Sketches of bookworms, collectors, bible students, scribes and illuminatorsfrom the Anglo-Saxon and Norman periods to the introduction of printinginto England, with anecdotes illustrating the history of themonastic libraries of Great Britain in the olden time.
read to him by the redoubtable Silas Wegg during Sunday evenings at "Boffin's Bower."
 Hallam, Henry. "Introduction to the Literature of Europe." 4 vols. London.
 Digby, Kenelm. "Mores Catholici; or Ages of Faith." 3 vols. London, 1848.
 Maitland, S. R. "The Dark Ages; a Series of Essays Intended to Illustrate the State of Religion and Literature in the Ninth, Tenth, Eleventh and Twelfth Centuries." London, 1845.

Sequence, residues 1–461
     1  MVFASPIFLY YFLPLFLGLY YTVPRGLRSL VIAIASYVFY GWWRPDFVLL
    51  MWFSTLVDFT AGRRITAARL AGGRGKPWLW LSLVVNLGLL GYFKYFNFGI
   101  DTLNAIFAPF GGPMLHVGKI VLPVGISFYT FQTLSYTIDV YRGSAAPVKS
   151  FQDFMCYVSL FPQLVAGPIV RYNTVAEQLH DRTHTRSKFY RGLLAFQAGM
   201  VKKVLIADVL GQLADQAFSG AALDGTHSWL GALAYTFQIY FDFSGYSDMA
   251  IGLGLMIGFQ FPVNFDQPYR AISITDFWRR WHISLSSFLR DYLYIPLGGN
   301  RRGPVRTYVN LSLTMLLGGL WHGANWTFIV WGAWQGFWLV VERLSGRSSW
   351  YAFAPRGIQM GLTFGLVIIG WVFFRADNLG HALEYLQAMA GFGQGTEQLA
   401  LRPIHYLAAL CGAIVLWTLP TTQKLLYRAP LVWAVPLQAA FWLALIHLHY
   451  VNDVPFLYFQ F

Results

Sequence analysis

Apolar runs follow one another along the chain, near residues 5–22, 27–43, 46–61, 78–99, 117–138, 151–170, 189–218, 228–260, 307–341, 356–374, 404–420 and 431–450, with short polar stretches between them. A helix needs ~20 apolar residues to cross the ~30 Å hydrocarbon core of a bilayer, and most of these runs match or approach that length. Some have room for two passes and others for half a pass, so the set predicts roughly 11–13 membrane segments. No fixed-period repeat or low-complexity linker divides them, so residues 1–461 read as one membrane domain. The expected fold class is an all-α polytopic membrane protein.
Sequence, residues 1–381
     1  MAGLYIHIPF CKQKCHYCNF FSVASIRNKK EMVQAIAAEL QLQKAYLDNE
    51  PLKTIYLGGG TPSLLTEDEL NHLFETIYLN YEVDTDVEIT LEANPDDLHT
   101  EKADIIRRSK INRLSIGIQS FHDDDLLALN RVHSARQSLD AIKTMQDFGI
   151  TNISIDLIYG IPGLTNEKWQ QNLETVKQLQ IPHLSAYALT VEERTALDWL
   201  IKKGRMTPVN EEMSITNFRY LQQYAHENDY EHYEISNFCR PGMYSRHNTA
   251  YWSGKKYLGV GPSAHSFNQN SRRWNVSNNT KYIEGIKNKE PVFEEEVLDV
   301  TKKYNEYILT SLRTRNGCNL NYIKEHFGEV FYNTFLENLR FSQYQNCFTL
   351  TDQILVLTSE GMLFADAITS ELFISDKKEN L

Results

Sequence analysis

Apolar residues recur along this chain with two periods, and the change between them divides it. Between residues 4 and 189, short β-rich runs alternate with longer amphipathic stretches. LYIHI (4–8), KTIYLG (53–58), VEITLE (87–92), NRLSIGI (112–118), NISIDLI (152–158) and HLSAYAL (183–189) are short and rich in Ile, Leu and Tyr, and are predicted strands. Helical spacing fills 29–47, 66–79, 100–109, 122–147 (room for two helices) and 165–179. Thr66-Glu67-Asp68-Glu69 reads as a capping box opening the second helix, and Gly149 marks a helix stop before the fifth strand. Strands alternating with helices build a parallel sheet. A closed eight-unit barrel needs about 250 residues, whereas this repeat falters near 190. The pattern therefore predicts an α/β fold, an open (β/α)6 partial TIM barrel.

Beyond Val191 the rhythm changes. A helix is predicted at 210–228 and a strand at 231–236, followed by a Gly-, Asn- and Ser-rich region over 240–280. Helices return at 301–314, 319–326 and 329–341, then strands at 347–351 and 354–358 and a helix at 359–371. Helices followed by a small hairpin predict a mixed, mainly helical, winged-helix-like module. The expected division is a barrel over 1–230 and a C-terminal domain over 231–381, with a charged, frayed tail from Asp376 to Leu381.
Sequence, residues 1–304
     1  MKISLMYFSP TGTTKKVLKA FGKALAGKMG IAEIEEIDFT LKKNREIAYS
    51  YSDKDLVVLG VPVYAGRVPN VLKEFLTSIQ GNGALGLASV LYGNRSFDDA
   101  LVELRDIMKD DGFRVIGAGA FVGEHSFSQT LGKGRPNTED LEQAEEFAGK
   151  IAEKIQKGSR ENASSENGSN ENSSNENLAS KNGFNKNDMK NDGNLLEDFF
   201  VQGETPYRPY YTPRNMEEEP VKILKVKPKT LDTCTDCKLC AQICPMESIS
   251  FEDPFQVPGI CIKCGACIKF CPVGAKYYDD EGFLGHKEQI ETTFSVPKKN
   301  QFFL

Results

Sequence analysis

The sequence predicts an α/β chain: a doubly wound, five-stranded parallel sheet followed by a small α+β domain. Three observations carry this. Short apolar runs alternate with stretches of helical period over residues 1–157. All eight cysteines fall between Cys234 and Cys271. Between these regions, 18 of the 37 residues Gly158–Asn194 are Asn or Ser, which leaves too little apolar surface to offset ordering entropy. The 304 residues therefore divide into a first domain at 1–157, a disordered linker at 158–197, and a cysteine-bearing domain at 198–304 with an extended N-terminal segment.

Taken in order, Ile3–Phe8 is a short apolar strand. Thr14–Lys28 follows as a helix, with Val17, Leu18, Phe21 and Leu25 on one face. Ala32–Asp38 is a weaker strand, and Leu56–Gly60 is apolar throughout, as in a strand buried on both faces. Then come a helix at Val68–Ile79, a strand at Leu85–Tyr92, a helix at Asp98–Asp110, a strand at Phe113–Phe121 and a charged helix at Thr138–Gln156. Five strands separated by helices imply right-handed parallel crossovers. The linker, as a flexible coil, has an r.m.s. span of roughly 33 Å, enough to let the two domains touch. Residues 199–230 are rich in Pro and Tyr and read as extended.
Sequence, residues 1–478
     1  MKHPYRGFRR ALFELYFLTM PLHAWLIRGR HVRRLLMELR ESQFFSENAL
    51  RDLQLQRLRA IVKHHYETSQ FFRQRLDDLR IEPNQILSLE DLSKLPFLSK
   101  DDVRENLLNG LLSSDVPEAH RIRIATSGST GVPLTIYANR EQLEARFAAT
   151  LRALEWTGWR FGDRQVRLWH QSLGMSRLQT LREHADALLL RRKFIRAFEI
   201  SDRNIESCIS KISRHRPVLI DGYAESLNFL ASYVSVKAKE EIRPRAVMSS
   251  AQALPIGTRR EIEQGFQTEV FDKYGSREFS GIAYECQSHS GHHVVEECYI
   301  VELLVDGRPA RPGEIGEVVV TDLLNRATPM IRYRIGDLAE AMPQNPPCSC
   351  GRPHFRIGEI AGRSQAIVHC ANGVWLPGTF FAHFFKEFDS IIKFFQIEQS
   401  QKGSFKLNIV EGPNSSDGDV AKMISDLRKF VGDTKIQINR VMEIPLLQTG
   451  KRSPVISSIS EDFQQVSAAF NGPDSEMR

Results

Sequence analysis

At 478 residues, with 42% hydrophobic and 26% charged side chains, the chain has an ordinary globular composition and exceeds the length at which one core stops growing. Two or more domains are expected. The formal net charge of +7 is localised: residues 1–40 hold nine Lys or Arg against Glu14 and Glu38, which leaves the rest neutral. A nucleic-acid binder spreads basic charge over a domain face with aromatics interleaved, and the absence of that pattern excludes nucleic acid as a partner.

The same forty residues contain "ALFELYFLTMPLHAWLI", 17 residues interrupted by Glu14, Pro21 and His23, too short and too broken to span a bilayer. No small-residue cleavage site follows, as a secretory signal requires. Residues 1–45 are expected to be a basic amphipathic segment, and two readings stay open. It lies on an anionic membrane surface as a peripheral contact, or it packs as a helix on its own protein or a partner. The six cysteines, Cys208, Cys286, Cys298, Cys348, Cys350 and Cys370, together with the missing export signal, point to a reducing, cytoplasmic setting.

Putnam, George Haven. "Books and their Makers during the Middle Ages; a Study of the Conditions of the Production and Distribution of Literature from the Fall of the Roman Empire to the Close of the Seventeenth Century."
 Lacroix, Paul. "Arts of the Middle Ages." Our author, however (vide page 58, note), quotes the accounts of the Church of Norwich to show that parchments sold late in the thirteenth century at about 1 d. per sheet; but Putnam and other writers state that up to that time it was a very costly com